Black Appetite. White Food. invites educators to explore the nuanced manifestations of white privilege as it exists within and beyond the classroom. Renowned speaker and author Jamila Lyiscott provides ideas and tools that teachers, school leaders, and professors can use for awareness, inspiration, and action around racial injustice and inequity.
Part I of the book helps you ask the hard questions, such as whether your pedagogy is more aligned with colonialism than you realize and whether you are really giving students of color a voice. Part II offers a variety of helpful strategies for analysis and reflection. Each chapter includes personal stories, frank discussions of the barriers you may face, and practical ideas that will guide you as you work to confront privilege in your classroom, campus, and beyond.
Jamila Lyiscott is an author, a community-engaged scholar, and a nationally acclaimed speaker. She serves as an assistant professor of Social Justice Education at the University of Massachusetts Amherst, where she is the founding co-director of the forthcoming Center of Racial Justice and Youth Engaged Research. Her scholarship and activism work together to explore, assert, and defend the value of Black life throughout and beyond the field of education. Jamila's current research focuses on the power of youth-led social research and activism to foster racial healing across schools and communities. She is most well-known for being featured on Ted.com where her video, "3 Ways to Speak English," was viewed over 4.6 million times. Learn more about Jamila at jamilalyiscott.com and @jamila_lyiscott on Twitter and Instagram.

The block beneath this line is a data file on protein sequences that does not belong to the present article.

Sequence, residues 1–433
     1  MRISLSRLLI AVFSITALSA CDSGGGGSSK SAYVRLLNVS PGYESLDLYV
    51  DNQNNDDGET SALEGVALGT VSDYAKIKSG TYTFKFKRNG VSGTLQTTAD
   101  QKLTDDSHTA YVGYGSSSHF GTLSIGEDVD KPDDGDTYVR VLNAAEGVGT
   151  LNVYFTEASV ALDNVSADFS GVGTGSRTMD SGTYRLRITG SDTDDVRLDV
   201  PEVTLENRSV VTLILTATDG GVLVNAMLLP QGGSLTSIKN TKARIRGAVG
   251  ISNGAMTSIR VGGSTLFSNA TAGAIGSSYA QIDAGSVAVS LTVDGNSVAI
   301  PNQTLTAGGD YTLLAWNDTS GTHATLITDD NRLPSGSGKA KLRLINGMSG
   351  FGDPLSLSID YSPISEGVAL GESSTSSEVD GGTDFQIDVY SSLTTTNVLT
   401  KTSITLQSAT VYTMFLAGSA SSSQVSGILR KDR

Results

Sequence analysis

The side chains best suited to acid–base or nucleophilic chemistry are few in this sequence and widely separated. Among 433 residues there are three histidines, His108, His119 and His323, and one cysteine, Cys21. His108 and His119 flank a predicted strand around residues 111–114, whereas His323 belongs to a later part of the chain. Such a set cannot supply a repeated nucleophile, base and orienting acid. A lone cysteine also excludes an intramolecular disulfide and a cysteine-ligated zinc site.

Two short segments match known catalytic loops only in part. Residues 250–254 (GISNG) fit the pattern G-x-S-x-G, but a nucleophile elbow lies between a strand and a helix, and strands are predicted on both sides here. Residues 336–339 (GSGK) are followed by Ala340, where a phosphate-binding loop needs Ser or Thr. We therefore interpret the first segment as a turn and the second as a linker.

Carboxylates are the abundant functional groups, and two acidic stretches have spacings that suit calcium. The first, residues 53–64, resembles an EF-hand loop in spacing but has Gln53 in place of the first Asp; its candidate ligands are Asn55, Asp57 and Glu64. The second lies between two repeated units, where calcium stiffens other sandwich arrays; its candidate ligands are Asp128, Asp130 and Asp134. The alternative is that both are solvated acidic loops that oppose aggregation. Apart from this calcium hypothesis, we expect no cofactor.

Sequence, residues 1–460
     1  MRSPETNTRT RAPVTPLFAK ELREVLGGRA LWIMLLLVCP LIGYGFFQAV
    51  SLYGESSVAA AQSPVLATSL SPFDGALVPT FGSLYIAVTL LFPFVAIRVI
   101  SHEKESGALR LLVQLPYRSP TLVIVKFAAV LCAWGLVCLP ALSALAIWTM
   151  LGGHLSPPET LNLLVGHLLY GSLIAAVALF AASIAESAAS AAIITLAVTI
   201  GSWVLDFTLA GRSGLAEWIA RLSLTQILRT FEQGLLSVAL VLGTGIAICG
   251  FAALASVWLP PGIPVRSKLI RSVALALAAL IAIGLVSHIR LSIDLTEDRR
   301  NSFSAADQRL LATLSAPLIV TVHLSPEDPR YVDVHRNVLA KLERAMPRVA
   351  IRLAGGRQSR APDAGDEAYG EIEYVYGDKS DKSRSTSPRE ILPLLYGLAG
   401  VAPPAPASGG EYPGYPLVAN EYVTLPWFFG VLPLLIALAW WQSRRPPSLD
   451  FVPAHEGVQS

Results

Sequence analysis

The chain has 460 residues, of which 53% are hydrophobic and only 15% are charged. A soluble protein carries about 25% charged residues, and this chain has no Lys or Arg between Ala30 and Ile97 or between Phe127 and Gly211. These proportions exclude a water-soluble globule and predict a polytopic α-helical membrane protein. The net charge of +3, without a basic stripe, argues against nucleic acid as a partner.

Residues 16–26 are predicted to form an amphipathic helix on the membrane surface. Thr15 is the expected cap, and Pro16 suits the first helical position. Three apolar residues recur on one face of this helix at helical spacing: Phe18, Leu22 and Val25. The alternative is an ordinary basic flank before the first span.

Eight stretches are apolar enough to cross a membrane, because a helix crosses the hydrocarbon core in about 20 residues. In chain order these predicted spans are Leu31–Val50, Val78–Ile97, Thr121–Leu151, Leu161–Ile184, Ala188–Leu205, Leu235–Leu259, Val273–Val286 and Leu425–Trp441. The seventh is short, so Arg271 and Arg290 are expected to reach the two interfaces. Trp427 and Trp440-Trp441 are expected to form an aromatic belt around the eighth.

Introduction; Part I: Naming the Problem; 1. Vision-Driven Justice; 2. Black Appetite, White Food; 3. If You Think You're Giving Students of Color a Voice, Get Over Yourself!; 4. Your Pedagogy Might Be More Aligned with Colonialism Than You Realize; 5. Why Did All the Black Students Boycott My Classroom?; Part II: Tools for Analysis and Action; 6. T.H.U.G. L.I.F.E., Black Girl Magic, and Harry Potter; 7. The Politics of Ratchetness; 8. Critical Hope in the Context of Crisis; 9. Why I Started Using Cyphers for Justice; Afterword